“Fear your God,” since people are unable to determine if the intent of the person [giving the advice] is for good or for bad, and he is thereby able to evade [the charge of evil intent] by saying, “My intent was for the best.” Therefore, it is said concerning him, “Fear your God”—the one who is cognizant of the [nature] of your thoughts.

In other words, Rashi is saying that people may not know your true intentions, but God certainly does — so don’t give bad advice.

Rashi’s metaphorical reading and Ibn Ezra’s literal one affect the theological implications of their comments: Rashi emphasizes God’s omniscience (God discerns our inner thoughts); Ibn Ezra emphasizes God’s omnipotence (God has the power to punish us). For Rashi, “fear of God” means we need to internalize God’s will so it can prompt us to do what is right; for Ibn Ezra, “fear of God” is the fear of some tangible external punishment. Rashi’s theology may reflect a more conceptualized and mature understanding of God, and Ibn Ezra’s a younger person’s or a less nuanced one. Or perhaps, the theology one embraces may depend on the moment, on one’s life situation.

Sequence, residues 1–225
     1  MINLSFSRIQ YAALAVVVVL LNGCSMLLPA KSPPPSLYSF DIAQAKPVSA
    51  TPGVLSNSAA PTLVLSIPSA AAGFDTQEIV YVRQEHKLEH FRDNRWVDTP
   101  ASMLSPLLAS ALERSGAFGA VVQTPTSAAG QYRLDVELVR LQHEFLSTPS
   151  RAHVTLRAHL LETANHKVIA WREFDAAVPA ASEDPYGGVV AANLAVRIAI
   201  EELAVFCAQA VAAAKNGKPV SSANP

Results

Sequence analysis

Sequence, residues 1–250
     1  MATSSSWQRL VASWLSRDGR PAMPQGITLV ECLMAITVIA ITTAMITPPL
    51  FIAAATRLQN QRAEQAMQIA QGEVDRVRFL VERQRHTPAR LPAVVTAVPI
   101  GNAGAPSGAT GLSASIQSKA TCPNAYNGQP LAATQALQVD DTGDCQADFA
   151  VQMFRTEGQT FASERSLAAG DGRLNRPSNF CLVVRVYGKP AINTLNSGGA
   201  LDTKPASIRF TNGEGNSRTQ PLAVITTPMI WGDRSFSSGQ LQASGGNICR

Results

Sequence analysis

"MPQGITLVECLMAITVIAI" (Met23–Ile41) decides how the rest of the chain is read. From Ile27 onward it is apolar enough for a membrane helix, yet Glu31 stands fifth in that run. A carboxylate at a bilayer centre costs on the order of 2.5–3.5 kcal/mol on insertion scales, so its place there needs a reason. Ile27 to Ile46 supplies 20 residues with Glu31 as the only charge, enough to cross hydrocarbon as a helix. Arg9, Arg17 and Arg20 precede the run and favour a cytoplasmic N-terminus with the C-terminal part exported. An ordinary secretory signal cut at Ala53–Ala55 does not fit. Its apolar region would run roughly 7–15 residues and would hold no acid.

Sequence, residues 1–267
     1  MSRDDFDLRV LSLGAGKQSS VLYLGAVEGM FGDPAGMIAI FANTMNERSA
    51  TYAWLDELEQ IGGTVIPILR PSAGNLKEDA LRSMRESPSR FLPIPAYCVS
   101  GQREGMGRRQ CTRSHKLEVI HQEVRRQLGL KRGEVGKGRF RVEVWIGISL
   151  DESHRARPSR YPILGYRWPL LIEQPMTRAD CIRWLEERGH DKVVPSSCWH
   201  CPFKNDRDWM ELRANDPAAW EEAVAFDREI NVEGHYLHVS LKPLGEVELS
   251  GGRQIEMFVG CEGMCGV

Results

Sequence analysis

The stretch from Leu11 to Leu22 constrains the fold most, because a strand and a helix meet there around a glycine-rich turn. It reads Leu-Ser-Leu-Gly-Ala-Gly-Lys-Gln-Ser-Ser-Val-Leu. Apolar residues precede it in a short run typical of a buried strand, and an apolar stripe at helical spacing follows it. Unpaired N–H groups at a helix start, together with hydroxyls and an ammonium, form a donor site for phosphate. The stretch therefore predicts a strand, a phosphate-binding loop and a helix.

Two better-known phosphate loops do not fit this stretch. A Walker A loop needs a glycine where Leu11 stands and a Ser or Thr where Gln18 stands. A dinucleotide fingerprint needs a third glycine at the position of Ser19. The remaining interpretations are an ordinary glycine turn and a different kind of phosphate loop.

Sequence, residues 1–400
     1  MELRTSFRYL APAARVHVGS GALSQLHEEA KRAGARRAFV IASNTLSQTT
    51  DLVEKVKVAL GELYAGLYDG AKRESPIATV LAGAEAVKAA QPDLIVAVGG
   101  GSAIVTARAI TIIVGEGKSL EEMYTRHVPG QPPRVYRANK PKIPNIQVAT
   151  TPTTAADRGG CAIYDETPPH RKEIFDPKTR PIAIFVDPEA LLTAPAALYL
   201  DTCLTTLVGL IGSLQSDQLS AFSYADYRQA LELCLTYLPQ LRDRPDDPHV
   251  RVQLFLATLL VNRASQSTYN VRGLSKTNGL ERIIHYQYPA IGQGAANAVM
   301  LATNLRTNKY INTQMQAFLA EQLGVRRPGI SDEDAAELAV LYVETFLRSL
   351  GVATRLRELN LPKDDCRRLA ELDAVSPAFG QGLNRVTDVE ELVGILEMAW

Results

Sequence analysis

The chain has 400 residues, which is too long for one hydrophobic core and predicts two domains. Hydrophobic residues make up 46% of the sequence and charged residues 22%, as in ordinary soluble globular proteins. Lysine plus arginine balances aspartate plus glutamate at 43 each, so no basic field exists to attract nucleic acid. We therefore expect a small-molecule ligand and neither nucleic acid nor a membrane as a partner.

Rabbenu Bahye (Bahye ben Asher, 1255–1340, Spain) understands deafness and blindness in this verse paradigmatically—whereby the blind and deaf are emblematic of all those we do not fear:

And the purpose of this [admonition not to curse the deaf] is so that a person may become restrained in his speech and not accustom his soul to a negative [character] trait; and the prohibition is not intended for the protection of the victim; rather it is for the protection of the person doing the cursing: for if a person restrains himself from [cursing] the deaf, all the more so concerning one who can hear. [Cursing] the “deaf person” serves as a paradigm for all other [similar offenses] . . . [where people take advantage of others] since they do not fear them.